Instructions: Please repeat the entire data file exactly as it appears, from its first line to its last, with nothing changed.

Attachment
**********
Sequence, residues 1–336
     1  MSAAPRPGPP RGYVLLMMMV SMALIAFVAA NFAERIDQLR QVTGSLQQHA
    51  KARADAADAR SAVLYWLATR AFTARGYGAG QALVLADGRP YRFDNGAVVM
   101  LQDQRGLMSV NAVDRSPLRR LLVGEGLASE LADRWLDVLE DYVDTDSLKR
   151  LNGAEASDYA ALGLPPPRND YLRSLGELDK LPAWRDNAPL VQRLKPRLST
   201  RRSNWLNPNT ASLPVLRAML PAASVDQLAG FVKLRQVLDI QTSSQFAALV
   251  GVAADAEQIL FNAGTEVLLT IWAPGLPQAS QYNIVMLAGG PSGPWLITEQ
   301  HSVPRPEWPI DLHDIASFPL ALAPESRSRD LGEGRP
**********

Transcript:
Sequence, residues 1–336
     1  MSAAPRPGPP RGYVLLMMMV SMALIAFVAA NFAERIDQLR QVTGSLQQHA
    51  KARADAADAR SAVLYWLATR AFTARGYGAG QALVLADGRP YRFDNGAVVM
   101  LQDQRGLMSV NAVDRSPLRR LLVGEGLASE LADRWLDVLE DYVDTDSLKR
   151  LNGAEASDYA ALGLPPPRND YLRSLGELDK LPAWRDNAPL VQRLKPRLST
   201  RRSNWLNPNT ASLPVLRAML PAASVDQLAG FVKLRQVLDI QTSSQFAALV
   251  GVAADAEQIL FNAGTEVLLT IWAPGLPQAS QYNIVMLAGG PSGPWLITEQ
   301  HSVPRPEWPI DLHDIASFPL ALAPESRSRD LGEGRP